My Favorite American Artist

Scuola di San Rocco (c.1902-04) by John Singer Sargent (LEO Design)

Scuola di San Rocco (c.1902-04) by John Singer Sargent

 In my opinion (for what it matters), “Art” is the accomplished manipulation of a medium. Some artists manipulate paint, others marble; some artists will manipulate words, while others manipulate vocal notes.  Great artists—by definition—are great at doing it.  On Sunday I witnessed a Master’s Class worth of Great Art.

I had intended to see the John Singer Sargent Watercolors exhibit (at the Brooklyn Museum of Art) weeks ago. Fortunately, I made it to the exhibition on its final day.  Four glorious rooms of his watercolors (with a handful of oil paintings thrown-in for good measure).  It was an absolute treasure trove of his work–work which was never really intended for the viewing public.

In the early Twentieth Century, Sargent (an already highly-regarded and highly-paid portraitist) travelled extensively throughout Europe and the Middle East.  During these travels, he recorded his observations—of people, landscapes, the play of light on stone—in watercolor.  These paintings were pure indulgence, created solely for his own enjoyment, strictly for his own collection.  Freed from the need to please a rich (and picky) Society Patron(ess) Sitter/Subject, Sargent experimented with unusual angles, unconventional subjects, and lots of color.  These watercolors reflect a man liberated from other’s expectations. Upon returning to the States, Sargent was encouraged to show (and, possibly, sell) these works.  He exhibited the collection at Knoedler & Co., one of New York’s smartest galleries.  The entire collection was purchased, en masse, by the Brooklyn Museum for $20,000.  Lucky for them.  Lucky for us!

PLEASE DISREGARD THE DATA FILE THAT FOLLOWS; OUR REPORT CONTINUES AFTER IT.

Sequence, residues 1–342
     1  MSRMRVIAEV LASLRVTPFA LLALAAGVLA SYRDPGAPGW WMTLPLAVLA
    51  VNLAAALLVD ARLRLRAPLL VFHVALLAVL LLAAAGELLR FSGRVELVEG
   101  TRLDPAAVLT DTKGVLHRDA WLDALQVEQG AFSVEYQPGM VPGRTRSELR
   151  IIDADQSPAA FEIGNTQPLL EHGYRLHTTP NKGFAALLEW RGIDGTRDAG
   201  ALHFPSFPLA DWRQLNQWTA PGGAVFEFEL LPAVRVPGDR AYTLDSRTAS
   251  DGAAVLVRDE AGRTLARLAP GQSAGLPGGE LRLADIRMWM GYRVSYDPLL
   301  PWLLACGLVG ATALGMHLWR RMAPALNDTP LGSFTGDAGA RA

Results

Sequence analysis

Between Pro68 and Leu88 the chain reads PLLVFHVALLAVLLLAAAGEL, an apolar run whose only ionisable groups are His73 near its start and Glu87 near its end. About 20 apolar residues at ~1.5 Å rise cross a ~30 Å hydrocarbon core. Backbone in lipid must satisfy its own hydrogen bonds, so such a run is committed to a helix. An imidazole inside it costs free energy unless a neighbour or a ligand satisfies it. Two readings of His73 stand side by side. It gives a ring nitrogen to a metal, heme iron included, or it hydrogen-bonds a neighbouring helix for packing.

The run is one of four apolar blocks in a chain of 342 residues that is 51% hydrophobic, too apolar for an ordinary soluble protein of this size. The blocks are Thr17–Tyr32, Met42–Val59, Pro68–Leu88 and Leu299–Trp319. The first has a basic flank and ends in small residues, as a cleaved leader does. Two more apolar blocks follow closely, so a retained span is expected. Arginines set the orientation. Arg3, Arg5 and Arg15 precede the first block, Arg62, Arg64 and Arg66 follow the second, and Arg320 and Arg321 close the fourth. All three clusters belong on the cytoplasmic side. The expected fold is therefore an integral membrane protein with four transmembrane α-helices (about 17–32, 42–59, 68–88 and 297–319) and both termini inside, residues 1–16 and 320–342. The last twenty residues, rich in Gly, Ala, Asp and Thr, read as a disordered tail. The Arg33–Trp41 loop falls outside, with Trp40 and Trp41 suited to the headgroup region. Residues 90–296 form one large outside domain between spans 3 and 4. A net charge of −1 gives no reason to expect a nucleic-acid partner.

So, let’s get back to Great Art.  Sargent’s watercolors impress me for the same reasons his oil paintings do: great confidence displayed in his brushwork, the ability to portray much complexity with such economy, and his understanding of light and how to capture it on paper or canvas.  John Singer Sargent was a master of portraying his subject—yes—but, furthermore, he portrayed (brilliantly!) the essence of that person, place or thing.

My definition of Art may displease some who have spent their lives in Artistic Academia. But if Art is “the accomplished manipulation of a medium,” John Singer Sargent is amongst the Greatest of Artists.  And my favorite American artist.